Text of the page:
Portikus is an exhibition hall for contemporary art in Frankfurt am Main, originally founded in 1987 through the initiation of Kasper König, one of the most influential living curators of contemporary art. Its name derives from the surviving portico of the Stadtbibliothek (public library) from 1825 that was destroyed during World War II. In 1987, the vestige of this classical building once again fulfilled its architectural function as a facade when the Frankfurt-based architects Marie-Theres Deutsch and Klaus Dreißigacker built a simple white cube: the Portikus gallery. As well as presenting current work from internationally renowned artists, Portikus exhibits younger artists from around the world.
The city government decided to rebuild the destroyed library, however, awarding the contract to local architect Christoph Mäckler. In 2003, therefore, after 16 years and more than 100 exhibitions, Portikus moved into the ground floor of the historical building known as the Leinwandhaus. This temporary location was designed with the artist Tobias Rehberger (*1964). Rehberger developed a spatial concept that, through the introduction of various modular elements such as platforms and boxes, allowed the integration of the gallery, office, reading area, and storage spaces into a large and rustic hall. In collaboration with the Zumtobel Staff, the artist Olafur Eliasson (*1967) designed the lighting of the exhibition space. Until the beginning of 2006, the exhibition program operated in this space under the name “Portikus im Leinwandhaus”.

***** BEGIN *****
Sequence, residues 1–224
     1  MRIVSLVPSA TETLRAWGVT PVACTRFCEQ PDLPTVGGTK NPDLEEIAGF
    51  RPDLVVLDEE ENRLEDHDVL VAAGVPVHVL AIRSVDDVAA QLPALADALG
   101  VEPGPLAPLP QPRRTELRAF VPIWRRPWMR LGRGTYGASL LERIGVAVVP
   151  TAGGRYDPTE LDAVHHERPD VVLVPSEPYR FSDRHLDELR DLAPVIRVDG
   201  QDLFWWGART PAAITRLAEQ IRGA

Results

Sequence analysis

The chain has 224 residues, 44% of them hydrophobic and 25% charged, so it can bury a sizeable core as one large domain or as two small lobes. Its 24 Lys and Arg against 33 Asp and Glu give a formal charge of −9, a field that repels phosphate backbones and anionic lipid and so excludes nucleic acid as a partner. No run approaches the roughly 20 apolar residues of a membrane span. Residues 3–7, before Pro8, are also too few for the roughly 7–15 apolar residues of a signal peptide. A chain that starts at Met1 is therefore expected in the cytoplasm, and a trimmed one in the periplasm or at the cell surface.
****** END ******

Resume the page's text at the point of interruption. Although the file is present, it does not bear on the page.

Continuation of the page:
In 2006 Portikus moved to a new space, designed as well by Christoph Mäckler. The new building is located on a small island in the river Main at the very center of the city, with direct access only from the Alte Brücke, or Old Bridge, Frankfurt's oldest bridge.
The relationship of Portikus to the city is defined by its association with the Städelschule, Academy of Fine Arts; this link allows an intense exchange between the exhibiting artists and the students of the art academy.